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Influence of adiposity on health-related quality of life in the Gateshead Millennium Study cohort: longitudinal study at 12 years
  1. Kathryn N Parkinson1,2,
  2. Ashley J Adamson1,2,
  3. Laura Basterfield1,2,
  4. Jessica K Reilly1,2,
  5. Ann Le Couteur1,
  6. John J Reilly3
  1. 1Institute of Health & Society, Newcastle University, Newcastle upon Tyne, UK
  2. 2Human Nutrition Research Centre, Newcastle University, Newcastle upon Tyne, UK
  3. 3Physical Activity for Health Group, School of Psychological Sciences & Health, University of Strathclyde, Glasgow, UK
  1. Correspondence to Dr Kathryn Parkinson, Institute of Health & Society, Newcastle University, Leech Building, Newcastle upon Tyne NE2 4HH, UK; kathryn.parkinson{at}ncl.ac.uk

Abstract

Objective To examine whether adiposity is associated with an impaired quality of life (an individual's perception of their life) in general population samples in early adolescence.

Design and methods Relationships between a direct measure of adiposity (fat mass index from bioimpedance) and a proxy measure (waist circumference), and a generic (KIDSCREEN-27) and a weight-specific measure of health-related quality of life (HRQoL, Impact of Weight on Quality of Life-Kids (IWQOL-Kids)) were examined in a longitudinal population-based cohort of young adolescents aged 12 years (n=519). The effects of change in adiposity over time (from 7 years and 9 years) were also examined (n=331–445 in longitudinal analyses).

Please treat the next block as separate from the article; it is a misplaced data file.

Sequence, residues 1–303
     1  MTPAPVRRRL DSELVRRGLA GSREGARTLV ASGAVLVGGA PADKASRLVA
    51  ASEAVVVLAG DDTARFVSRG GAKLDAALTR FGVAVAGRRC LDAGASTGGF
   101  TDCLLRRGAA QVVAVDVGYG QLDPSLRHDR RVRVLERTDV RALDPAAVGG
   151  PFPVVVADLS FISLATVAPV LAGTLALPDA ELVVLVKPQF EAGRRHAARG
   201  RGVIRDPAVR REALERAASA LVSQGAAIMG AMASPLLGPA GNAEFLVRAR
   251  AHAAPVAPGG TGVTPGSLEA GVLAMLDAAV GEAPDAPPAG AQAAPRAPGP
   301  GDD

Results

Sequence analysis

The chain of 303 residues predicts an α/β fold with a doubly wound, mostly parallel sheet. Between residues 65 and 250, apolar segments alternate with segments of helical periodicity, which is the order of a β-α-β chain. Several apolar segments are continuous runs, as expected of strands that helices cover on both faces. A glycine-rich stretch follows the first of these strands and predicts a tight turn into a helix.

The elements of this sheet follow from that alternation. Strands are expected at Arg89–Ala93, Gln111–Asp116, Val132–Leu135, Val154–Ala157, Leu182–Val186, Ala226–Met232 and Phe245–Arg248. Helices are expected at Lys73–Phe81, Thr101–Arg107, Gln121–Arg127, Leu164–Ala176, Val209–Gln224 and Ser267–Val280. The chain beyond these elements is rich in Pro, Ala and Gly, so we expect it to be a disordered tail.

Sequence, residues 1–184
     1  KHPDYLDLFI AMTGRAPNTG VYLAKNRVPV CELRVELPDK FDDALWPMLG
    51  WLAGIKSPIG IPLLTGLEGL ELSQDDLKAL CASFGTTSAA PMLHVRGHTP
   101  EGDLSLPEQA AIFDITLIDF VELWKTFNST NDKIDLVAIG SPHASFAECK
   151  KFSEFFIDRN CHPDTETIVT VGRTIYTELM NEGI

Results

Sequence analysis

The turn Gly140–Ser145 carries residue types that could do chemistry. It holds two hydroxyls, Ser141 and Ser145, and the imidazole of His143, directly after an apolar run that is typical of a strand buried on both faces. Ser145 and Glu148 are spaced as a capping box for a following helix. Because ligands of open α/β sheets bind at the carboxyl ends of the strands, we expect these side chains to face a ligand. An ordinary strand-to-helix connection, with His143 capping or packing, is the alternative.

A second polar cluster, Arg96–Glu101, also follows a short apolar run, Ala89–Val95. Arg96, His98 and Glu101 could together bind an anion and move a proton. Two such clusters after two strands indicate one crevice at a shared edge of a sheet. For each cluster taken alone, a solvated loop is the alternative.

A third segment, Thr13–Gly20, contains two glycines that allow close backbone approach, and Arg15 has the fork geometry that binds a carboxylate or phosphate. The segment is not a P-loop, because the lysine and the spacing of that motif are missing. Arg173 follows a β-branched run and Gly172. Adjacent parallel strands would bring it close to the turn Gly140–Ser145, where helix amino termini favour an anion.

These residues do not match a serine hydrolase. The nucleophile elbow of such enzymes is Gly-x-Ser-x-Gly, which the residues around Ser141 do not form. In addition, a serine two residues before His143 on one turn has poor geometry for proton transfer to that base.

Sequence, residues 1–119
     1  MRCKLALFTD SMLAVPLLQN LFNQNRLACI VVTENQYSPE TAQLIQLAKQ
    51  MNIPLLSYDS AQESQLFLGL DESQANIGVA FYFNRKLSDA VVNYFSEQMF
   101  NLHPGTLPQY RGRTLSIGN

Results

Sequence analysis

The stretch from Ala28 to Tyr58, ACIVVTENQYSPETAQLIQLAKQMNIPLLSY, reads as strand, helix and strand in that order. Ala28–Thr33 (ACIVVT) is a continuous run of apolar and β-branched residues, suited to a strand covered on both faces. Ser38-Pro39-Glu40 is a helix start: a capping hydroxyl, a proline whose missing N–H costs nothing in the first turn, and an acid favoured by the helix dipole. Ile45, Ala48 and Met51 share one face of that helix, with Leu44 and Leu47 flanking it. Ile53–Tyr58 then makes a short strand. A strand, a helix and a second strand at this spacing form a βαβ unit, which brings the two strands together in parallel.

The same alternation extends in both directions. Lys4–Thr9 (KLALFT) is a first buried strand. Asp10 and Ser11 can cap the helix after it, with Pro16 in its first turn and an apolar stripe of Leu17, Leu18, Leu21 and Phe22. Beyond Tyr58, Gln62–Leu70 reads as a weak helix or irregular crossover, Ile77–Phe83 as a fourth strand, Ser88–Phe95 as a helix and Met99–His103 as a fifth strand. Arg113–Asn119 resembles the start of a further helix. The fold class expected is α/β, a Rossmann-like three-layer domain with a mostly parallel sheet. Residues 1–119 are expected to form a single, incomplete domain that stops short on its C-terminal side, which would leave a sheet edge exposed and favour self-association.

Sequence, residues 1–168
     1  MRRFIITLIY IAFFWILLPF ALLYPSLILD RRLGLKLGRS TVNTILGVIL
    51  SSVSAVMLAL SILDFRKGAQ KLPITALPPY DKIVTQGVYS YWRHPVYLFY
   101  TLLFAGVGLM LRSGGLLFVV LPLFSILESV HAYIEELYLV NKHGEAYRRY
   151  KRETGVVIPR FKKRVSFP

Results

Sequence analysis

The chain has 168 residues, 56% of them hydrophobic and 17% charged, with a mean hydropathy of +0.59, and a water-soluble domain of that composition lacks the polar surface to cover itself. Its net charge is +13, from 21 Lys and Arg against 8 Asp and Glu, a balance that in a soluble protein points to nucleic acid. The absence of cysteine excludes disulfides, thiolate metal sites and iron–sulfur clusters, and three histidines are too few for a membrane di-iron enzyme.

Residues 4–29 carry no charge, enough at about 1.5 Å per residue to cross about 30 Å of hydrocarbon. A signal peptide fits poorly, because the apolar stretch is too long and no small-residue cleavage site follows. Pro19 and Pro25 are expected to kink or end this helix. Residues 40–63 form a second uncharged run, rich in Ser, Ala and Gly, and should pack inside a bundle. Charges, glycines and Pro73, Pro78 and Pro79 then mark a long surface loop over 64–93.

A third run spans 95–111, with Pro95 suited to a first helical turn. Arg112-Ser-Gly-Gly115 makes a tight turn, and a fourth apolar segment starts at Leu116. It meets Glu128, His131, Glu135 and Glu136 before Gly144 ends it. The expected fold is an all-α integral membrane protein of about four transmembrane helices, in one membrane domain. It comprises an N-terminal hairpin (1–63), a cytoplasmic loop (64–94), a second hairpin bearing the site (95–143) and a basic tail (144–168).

Results Impairment in HRQoL was associated with current adiposity but it was not predicted by earlier adiposity. At 12 years, higher adiposity was associated with lower Physical Well-Being on KIDSCREEN-27, and with lower Total Scores on the weight-specific IWQOL-Kids instrument, the latter particularly in girls.

Conclusions Health and education professionals need to be aware in their clinical practice that higher adiposity impairs HRQoL in general populations of young adolescents. Further research would be useful to determine whether or not children of primary school age self-reporting lower HRQoL are more likely to develop higher adiposity later in adolescence or early adulthood.

  • Adolescent
  • Quality of life
  • Overweight
  • Epidemiologic studies
  • Longitudinal studies

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